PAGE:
Upon gazing the woolly dancing lads, my heart swelled, my eyes welled (two things happen a lot, in quick succession). So what Phish moved the tour opener? It was NOW the tour opener, and I didn't have much choice but to make a decision about what was gonna happen, right there and then. Visceral elation upon news of reunion, soaking in three Hampton shows, and the great conflation of carrot-topped corporeality...red sterno burned in my abdomen, and I knew what I needed to do. Up flamed old coals from the past, when I was compelled to propel myself into time and space, to travel forth towards musical convolution. It's a churn in the sternum that heads torso-north, 'round back over shoulders, neckward ante-ears, landing finally in a simmering panopticon apre-eyeballs...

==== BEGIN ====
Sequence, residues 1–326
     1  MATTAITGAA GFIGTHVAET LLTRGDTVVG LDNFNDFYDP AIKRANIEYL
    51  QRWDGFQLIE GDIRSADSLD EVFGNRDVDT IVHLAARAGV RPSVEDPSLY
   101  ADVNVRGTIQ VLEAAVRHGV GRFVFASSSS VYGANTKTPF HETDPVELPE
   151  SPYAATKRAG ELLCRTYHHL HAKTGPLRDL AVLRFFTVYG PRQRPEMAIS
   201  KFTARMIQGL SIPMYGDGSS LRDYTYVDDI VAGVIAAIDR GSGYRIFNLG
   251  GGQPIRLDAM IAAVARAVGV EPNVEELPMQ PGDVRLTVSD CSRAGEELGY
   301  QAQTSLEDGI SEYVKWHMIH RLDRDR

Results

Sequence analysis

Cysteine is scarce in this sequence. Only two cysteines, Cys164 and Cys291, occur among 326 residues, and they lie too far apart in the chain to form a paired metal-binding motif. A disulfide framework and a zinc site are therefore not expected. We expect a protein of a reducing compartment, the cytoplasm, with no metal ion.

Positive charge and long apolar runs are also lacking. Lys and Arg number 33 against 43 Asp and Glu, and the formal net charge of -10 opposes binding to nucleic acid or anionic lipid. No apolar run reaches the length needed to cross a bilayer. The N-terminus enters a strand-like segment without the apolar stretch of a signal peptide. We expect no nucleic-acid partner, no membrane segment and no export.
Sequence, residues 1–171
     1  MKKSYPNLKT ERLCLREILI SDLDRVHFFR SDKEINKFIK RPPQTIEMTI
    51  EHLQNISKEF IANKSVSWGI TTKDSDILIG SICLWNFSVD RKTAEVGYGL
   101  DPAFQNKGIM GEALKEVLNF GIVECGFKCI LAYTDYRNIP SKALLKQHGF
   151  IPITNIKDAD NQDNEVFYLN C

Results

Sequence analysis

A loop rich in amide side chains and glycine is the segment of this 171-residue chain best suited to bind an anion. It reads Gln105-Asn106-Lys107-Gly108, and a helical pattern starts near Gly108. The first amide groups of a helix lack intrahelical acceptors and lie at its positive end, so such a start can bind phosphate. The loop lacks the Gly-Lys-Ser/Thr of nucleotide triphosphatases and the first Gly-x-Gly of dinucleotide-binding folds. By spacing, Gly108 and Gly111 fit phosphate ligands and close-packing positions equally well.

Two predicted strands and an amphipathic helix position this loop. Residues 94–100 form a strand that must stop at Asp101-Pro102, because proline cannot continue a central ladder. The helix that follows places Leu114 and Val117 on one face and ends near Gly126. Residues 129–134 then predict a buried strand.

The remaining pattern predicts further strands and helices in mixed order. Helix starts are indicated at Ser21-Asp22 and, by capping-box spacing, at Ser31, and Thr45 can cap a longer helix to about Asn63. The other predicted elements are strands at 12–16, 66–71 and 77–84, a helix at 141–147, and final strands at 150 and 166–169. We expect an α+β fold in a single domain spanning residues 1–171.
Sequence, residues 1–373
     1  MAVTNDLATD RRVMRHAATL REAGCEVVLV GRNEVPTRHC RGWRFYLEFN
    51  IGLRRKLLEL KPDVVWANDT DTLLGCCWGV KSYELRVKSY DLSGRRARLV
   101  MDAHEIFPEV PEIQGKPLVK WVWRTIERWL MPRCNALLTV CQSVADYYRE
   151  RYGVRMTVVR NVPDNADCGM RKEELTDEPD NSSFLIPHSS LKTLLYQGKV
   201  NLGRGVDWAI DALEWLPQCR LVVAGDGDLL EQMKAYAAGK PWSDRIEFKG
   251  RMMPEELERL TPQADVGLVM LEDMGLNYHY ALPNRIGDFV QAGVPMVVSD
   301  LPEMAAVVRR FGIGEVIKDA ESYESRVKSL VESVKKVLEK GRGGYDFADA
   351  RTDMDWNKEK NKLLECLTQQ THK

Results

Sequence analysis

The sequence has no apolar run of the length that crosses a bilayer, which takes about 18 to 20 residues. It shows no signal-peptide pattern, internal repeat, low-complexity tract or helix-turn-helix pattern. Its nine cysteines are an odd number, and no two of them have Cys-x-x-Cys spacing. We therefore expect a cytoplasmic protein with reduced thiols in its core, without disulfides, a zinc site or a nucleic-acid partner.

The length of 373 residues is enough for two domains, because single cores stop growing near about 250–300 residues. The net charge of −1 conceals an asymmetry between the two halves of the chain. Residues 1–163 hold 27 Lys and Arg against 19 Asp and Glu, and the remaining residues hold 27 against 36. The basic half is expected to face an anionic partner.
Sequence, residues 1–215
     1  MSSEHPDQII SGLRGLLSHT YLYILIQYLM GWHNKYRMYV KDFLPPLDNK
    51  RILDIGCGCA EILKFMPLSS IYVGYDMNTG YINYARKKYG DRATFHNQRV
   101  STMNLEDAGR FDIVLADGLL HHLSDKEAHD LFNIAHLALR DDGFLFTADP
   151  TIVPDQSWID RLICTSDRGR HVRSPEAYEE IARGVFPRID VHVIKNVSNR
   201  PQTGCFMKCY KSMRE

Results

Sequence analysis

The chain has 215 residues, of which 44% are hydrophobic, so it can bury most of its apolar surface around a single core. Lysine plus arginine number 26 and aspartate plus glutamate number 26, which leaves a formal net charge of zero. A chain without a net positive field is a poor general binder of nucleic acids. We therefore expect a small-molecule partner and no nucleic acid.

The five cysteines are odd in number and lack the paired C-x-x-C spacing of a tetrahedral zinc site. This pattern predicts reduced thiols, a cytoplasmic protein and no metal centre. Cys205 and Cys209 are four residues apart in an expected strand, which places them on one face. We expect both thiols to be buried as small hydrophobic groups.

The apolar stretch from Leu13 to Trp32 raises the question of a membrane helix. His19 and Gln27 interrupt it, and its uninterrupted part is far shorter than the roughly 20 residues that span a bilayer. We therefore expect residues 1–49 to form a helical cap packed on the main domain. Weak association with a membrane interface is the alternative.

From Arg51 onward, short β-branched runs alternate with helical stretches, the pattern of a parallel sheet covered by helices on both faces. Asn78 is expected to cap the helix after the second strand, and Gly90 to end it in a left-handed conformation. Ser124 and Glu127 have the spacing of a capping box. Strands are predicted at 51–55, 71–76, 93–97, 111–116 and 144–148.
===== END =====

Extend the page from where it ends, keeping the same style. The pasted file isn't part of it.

And, just like that, it is imminent. "Your time is near, the mission's clear, it's later than you think..."

Within an hour of extracting myself from the quickly thickening dance-floor fray, I'd secured a ticket for the Fenway show on my iPhone via Craigslist, and made a reservation for the 10AM Fung Wah Bus from Chinatown to Boston. Just like that. Don't ask me why I waited so long, because I don't know. But there is something unbelievable and explosive about doing that. I live for it. First, no plan, then all of a sudden, PLAN! And the plan is gloriously disjointed, unsure, blank, inchoate. It's me, a destination, and a song.